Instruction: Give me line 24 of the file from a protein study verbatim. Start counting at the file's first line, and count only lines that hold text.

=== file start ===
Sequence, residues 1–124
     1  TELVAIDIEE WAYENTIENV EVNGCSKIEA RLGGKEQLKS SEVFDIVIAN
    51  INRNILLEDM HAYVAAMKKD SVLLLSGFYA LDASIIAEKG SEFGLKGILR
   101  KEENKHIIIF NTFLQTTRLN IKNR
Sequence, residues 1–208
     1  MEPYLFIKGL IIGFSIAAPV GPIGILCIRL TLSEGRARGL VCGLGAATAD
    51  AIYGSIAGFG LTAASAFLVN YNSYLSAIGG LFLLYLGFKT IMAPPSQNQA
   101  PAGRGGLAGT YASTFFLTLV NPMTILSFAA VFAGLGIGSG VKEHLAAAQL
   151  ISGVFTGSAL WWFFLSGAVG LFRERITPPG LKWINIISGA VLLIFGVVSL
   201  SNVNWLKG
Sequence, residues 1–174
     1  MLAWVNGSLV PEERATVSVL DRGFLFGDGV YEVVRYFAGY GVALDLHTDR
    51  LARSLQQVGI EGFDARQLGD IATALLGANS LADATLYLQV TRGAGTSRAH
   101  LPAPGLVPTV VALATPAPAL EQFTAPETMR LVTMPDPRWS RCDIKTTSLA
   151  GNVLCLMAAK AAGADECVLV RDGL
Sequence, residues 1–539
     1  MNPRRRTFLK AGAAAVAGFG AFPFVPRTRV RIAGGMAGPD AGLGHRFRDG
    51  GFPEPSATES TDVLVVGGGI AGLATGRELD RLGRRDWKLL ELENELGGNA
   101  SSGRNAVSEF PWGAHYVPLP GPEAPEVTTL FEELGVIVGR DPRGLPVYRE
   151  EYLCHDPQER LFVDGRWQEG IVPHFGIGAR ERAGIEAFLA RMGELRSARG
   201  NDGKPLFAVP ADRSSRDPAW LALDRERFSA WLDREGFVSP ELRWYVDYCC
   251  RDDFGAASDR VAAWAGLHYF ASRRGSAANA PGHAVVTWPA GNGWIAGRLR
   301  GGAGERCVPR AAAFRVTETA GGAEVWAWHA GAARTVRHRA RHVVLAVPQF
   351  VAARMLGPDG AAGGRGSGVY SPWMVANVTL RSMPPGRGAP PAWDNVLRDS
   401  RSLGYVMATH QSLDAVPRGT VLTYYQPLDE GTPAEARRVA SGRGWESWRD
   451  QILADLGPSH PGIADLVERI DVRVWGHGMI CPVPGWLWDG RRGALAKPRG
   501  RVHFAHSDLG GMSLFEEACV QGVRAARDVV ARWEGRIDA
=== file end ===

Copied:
   351  VAARMLGPDG AAGGRGSGVY SPWMVANVTL RSMPPGRGAP PAWDNVLRDS